long; styles at last as long as stamens. 2 

"A. I, Hi vvhich in 1872 flowered in the gardens of the late M 

: hllum '{» many other A ._, g Wl a charac 

ter which may be of some value). I believe this is the'first time 

• 1 !Tn h ° IX " ,,; ' V " ! " " n ' h -"'•ed; • they identify the 

B71 is W»™. „ . • 
er, from a plant whfch flowered at Kew in 1871 (Bof Ma^t 589^) ^ °' 

"With the- name of lunnifolia 1 designate the variety known as 

" palh (1 - ngui>l 1 \y < mi i i 1 ngei spiny 1 s. I " i . l ■. 

" 3~\-S inches wide : [lowers very similar to llioso of the wild plant. 
'• but iil:- 1 ts greenish. ' i<> > < '/aid , d bi > i p ldT. pro- 

" to this form if the description did not expressly mention a channelled 

"Agave Sisalana is the name that Dr. Perrine gave to the plant 
" known to the natives of Yucatan as Va.n-i, the most valuable of the 

•• Florida some thirty-live or forty years ago, during his eiForts to accli- 

" matize c ■■ is in that almost tropical 

" portion of our territory, eilbrts which were aided by Congress by a 

'• large ".ran: of land, bu! which were destroved, together with his own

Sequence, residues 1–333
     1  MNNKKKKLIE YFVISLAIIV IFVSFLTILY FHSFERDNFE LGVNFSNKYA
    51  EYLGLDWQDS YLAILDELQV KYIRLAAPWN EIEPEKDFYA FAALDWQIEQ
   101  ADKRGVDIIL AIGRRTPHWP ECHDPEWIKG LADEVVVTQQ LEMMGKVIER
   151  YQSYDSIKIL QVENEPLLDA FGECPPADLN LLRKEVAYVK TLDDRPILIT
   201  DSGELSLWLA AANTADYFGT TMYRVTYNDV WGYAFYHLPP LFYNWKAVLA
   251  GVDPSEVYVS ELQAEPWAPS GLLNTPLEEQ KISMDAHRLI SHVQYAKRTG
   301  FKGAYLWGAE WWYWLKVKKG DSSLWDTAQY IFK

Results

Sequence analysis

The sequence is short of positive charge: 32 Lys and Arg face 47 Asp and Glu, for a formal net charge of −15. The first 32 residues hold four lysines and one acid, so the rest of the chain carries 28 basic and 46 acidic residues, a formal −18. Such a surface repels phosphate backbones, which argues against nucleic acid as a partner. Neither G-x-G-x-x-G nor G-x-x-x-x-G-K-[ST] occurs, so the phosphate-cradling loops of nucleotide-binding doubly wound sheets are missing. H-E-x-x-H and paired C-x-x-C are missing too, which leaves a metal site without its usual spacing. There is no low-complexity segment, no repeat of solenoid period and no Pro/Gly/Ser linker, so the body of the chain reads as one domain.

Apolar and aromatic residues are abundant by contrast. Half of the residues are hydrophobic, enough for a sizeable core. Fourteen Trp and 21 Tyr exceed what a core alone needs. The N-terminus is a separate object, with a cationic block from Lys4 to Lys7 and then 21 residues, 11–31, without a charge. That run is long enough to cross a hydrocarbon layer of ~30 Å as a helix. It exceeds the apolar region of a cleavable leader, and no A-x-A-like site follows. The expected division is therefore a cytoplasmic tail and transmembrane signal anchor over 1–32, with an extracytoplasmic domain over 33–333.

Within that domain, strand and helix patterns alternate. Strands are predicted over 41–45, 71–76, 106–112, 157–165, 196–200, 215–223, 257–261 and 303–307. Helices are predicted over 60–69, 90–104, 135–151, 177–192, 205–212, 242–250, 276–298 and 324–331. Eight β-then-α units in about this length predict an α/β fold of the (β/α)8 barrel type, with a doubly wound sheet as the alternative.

" life, iliuiiig the subsequent Indian wars. With this Agave, however, 

" he has been successful, aa it is now I'ulh nai ura ii/ed. and is quite 

'• abundant at Ivev 'West and the adjacent coast. J >r. Parry found it 

" therein full bloom in February 1871. and gives the following des- 

" feet long and 4-G inches wide, generally smooth-edged, but here, ami 
u there bearing a few unequal, sometimes very stout and sharp teeth ; 
" terminal spine stout, often twisted, purplish-black ; scape 20 or 25 

k ' feet high, panicle 8 feet long and half as wide. One of the largest 

pi mi examined had jl n n - i the | , , »est I n< u th 

" middle) 2 feet long, upper and lower ones shorter. The flowers are 
'• slightly larger Than those' described, with a shorter, thicker ovary, 
k " stamens | j tl the tube. The plants bore no 

" fruit, but produced an abundance of buds, by which they propagate 
'■ themselves and from which this interesting form has been multiplied 
" in this country and in Europe. 

"If this plant is, as is most probable, only a cultivated variety of 
"• A. rif/ida, it is of f . b-r lii -wuly and the 

'• understanding of the Agaves, indicating, as it does, the extent of 
" variation which they may undergo. It shows that the size of leaf 
'■ and scape, or colour of leaf, are of no great specific value, and also 
'• lhat the presence or absence of spiny teeth on (he margin is not an 
'• unaiicrable character, not any more than ihv carl daemon- margin 
'• deeurreut from the terminal spine. The presence of a trunk, the 
" proportions of the leaf fin ./. rif/ida and all its varieties the length 
'• equals 12-11 times tin' width), probabh the form of the terminal 
' ; spine, the character of the inflorescence, and, above all, the form and 
(i proportions of the flower and its parts, remain constant, and j . rhap-